For instance, the state legislatures would choose the electors to send to the electoral college. There, they would debate and decide on who should be the next president and vice-president. Even though they would only have one day to make that decision, that would be more time than most people spend before they cast their vote. The types of people sent would likely be experienced office holders who have their own state’s interests at heart. The senate would be composed of people elected by the state legislatures, and act as agents of the state. They would be a sort of stabilizing force against the tides of the tyranny of democracy.

Our American history is spotted with various movements that wanted to bring in more democracy. I want to share with you what I think of people who advocate democracy. I’ll do it with a little bit of modern history. Venezuela democratically elected Hugo Chavez, a communist, as its leader. It wasn’t long until democracy seemed to be an afterthought. Now that the country is in ruins, we can blame the people, but really, we should’ve known all along what the natural result of democracy will always be.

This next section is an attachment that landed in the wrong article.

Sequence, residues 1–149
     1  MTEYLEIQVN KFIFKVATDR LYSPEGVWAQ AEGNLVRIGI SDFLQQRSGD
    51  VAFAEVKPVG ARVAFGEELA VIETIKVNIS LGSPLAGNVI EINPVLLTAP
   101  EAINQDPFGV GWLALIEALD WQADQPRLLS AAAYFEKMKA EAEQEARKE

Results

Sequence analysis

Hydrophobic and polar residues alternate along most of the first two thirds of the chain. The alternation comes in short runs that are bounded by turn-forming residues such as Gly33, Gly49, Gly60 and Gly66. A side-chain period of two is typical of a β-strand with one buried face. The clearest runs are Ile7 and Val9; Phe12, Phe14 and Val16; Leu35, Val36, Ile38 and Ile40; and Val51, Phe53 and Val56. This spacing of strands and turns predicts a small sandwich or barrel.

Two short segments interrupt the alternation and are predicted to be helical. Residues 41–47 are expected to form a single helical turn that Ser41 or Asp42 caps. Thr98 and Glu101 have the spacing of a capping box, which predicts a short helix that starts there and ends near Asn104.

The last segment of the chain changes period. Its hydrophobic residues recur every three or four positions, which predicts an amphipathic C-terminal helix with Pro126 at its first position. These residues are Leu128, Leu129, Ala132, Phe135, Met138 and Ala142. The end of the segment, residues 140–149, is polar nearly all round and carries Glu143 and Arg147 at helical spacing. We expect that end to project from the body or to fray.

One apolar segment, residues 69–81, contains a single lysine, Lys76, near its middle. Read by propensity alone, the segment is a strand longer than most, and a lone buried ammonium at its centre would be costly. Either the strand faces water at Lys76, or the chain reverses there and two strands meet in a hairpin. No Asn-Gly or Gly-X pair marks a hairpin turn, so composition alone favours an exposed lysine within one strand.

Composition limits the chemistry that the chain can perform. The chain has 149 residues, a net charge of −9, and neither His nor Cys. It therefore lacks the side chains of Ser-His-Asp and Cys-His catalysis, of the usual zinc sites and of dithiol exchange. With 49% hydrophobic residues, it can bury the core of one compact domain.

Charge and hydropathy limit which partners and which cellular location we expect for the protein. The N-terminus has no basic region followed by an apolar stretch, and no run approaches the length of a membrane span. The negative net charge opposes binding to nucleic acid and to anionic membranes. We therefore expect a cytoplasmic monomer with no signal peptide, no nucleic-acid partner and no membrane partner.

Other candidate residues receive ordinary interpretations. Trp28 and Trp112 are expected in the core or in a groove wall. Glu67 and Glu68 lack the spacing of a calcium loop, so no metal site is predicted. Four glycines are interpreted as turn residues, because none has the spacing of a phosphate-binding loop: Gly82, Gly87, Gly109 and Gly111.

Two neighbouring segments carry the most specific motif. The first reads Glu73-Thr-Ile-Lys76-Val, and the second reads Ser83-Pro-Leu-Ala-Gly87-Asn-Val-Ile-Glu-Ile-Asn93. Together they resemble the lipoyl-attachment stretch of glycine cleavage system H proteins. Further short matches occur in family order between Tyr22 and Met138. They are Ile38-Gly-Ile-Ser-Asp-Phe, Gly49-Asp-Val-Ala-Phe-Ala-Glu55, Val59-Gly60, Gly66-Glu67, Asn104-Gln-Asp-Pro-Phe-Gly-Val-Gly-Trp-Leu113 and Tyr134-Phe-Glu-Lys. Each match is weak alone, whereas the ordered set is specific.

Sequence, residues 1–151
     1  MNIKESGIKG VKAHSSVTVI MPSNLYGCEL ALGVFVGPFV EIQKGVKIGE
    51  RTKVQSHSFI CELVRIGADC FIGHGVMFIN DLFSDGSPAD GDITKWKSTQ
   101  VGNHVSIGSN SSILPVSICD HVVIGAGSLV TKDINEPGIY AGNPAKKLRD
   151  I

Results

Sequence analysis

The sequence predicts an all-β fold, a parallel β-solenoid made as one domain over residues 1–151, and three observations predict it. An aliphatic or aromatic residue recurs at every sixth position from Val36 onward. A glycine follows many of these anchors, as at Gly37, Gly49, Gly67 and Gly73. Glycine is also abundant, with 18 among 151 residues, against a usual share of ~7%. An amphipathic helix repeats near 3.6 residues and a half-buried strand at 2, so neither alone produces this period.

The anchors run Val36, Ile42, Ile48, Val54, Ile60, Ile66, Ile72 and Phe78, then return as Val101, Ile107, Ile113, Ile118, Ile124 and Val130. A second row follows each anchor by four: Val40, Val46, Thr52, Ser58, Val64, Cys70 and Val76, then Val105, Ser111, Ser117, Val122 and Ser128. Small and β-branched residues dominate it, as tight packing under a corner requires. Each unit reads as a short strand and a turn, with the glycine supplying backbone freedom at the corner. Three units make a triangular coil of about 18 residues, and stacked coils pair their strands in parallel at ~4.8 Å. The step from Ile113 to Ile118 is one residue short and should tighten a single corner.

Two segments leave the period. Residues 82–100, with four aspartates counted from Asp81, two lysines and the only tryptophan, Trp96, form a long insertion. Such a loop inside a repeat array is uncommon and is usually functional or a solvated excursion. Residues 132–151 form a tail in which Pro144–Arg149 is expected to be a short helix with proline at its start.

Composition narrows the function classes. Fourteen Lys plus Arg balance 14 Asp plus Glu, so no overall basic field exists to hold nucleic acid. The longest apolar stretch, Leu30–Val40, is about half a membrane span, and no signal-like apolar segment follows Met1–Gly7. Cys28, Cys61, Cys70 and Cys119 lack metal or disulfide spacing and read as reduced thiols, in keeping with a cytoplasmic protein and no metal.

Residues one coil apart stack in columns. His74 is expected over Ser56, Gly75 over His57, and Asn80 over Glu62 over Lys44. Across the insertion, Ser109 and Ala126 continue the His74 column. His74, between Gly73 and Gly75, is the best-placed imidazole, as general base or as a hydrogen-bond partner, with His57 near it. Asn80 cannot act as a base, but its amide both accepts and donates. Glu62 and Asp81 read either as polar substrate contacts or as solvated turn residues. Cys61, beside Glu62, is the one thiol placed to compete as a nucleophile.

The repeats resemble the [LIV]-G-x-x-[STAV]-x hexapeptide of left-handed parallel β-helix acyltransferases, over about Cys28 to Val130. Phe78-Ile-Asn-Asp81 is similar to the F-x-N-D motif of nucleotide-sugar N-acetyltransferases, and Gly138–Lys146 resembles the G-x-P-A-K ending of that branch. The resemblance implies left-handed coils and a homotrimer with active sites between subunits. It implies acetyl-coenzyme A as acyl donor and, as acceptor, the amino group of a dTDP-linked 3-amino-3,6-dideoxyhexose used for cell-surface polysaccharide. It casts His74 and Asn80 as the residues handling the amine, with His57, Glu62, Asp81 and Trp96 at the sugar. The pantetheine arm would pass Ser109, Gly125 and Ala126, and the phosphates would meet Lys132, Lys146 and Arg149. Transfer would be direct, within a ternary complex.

You may complain and moan that my anti-democratic sentiment is depriving you of some “right” to vote. I ask you: Why do you think you have a right to vote? And do you have the right to vote to deprive the rights of yourself or others? The answer is: Of course not. You have no right to vote to deprive rights anymore than I have the right to deprive you of your rights. A government that cannot protect its people from democratic votes that deprive people of their rights is no government worth protecting.



5 Responses to “Why Democracy Doesn’t Work”

  1. Edwin Oslan Says:

    Look, man, my ignorance is just as good as your knowledge. Voting is a RIGHT, even if that means I’m on welfare and will vote for more welfare because it’s not fair that I don’t get more money from not working, that you make as an engineer.